Skip to main content

A file photo released Dec. 8, 2011, by the Iranian Revolutionary Guards, claims to show the chief of the aerospace division of Iran's Revolutionary Guards, Gen. Amir Ali Hajizadeh, left, listening to an unidentified colonel as he points to a U.S. RQ-170 Sentinel drone which Tehran says its forces downed.Sepahnews/The Associated Press

Iran claimed to have downed an American drone Tuesday – and displayed a Boeing-built ScanEagle as proof – but the Pentagon issued a denial with some wiggle room, as the risks of a military confrontation continued to escalate over Tehran's murky nuclear program.

Iran's propaganda coup, the second time in a year it has displayed a downed drone, also pulled back the curtain on the steady increase in spying and probing of defences by all parties, as the United States and Israel prepare for the possibility of war to deny Tehran's ruling mullahs from getting nuclear weapons.

Both President Barack Obama and Israeli Prime Minister Benjamin Netanyahu have vowed to keep Iran out of the select nuclear-weapons-capable club of nations.

Spying drones, cyber-warfare and the assassination of Iranian scientists are all part of the – mostly deniable – escalation. On Tuesday, the White House dodged questions about the missing drone.

"We have no evidence that the Iranian claims you cite are true," said White House spokesman Jay Carney. Iran, however, broadcast a video showing two Revolutionary Guards officers examining the evidently intact and apparently undamaged ScanEagle, an unarmed drone that is in use in the military of the U.S., Canada and several other Western nations.

"All our active unmanned aerial vehicles working here have been accounted for," said a spokesman for U.S. Navy's Fifth Fleet, based in Bahrain, which commands dozens of U.S. warships, including a battle groups led by a nuclear-powered aircraft carrier patrolling the Persian Gulf.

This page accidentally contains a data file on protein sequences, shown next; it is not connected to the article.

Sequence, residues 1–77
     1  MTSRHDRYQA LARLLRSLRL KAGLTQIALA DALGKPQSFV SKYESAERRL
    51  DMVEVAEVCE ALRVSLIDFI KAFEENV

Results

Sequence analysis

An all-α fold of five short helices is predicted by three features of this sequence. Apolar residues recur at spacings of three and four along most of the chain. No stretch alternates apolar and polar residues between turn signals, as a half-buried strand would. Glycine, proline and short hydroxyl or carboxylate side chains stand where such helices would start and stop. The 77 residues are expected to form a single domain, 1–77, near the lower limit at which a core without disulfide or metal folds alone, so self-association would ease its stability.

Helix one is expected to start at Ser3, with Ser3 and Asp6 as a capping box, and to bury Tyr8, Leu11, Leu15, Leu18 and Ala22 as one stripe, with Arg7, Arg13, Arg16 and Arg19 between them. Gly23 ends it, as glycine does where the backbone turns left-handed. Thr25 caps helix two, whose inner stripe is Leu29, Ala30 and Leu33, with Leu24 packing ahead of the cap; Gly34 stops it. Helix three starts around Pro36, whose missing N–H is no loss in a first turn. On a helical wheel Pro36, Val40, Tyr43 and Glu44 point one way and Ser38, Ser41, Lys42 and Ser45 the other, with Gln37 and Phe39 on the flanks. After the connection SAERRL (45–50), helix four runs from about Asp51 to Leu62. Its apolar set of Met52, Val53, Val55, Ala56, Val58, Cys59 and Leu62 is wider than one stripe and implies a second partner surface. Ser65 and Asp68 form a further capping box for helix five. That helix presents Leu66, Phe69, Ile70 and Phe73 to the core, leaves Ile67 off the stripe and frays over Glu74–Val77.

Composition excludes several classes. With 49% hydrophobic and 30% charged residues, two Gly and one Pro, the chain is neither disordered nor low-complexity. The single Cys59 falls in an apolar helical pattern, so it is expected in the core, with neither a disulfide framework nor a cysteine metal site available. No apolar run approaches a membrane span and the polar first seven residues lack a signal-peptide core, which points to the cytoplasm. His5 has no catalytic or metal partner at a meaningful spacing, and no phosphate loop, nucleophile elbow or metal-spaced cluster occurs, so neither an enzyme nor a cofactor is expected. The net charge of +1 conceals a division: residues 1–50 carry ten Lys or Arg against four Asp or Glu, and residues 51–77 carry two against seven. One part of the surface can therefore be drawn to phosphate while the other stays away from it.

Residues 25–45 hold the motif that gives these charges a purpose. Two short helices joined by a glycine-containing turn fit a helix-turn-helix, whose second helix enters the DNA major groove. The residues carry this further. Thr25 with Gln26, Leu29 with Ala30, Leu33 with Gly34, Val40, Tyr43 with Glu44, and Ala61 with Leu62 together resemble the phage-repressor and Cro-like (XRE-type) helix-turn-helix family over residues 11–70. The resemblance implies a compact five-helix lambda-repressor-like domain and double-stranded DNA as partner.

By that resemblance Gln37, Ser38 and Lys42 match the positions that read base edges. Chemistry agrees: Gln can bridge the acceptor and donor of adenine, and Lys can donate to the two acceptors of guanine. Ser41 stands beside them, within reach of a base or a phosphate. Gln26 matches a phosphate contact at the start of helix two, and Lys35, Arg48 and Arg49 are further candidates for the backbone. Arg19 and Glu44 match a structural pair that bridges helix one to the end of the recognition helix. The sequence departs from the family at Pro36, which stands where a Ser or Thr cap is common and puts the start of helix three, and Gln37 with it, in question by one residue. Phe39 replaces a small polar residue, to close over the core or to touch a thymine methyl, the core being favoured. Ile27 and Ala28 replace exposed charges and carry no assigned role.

Whether or not the grey, swept-wing ScanEagle proudly displayed on Iranian TV and described as being "captured" belonged to the U.S. military, an American intelligence agency or – perhaps – a previously undisclosed buyer of the system such as Israel or Saudi Arabia, there seemed little doubt that it was real.

A year ago, a far more powerful and sophisticated U.S. spy drone, the stealthy, high-tech RQ-170 Sentinel, was captured when Tehran apparently hijacked its guidance system. That loss was initially met with vague denials by U.S. officials, followed by suggestions that the drone displayed by Tehran was a fake.

Both sides are using drones, although only rarely do the secret surveillance flights become known – such as when one gets shot down or is captured. In October, an Iranian-made drone was shot down by an Israeli F-16 warplane over the Negev Desert. It had apparently launched from Hezbollah-controlled areas of Southern Lebanon.

The ScanEagle apparently downed by Iran was also a relatively short-range drone, unlike, for instance the high-altitude, jet-powered Global Hawk that can fly from bases in the U.S. to Afghanistan and back and stay aloft for 36 hours.

ScanEagles were originally developed for searching for tuna at sea by Insitu Inc., a company later bought by Boeing Corp. They can be launched from and recovered by small vessels such as fishing boats.

Last month, the Pentagon accused Iran of attempting to shoot down an American Predator – a larger, sometimes armed, drone that has been used for assassination strikes against al-Qaeda and Taliban targets.

/Iran's Foreign Minister Ali Akbar Salehi said the ScanEagle capture was the latest evidence of American violations of Iranian sovereignty. "We will use this drone as evidence to pursue a legal case against American invasion in international forums," he said.

The increasing use of unmanned aircraft both to spy on and attack adversaries underscores their political advantages and cost effectiveness. Although the United States retains a significant lead in the number and types of drones, other countries, including Israel and Iran, have devoted massive efforts to develop indigenous drone technologies.

"Obviously when you have an unmanned aircraft, there is no risk of a pilot being shot down and killed or captured in hostile territory, so these unmanned aircraft make it possible to conduct operations in places where you wouldn't want to put a human pilot at risk," said John Villasenor, a professor of electrical engineering at UCLA and nonresident senior fellow at the Brookings Institution whose area of expertise includes drone operations and remote surveillance.

"They're less expensive than manned aircraft; they don't put human pilots at risk, so it's not surprising that we are seeing more [evidence of drone operations]."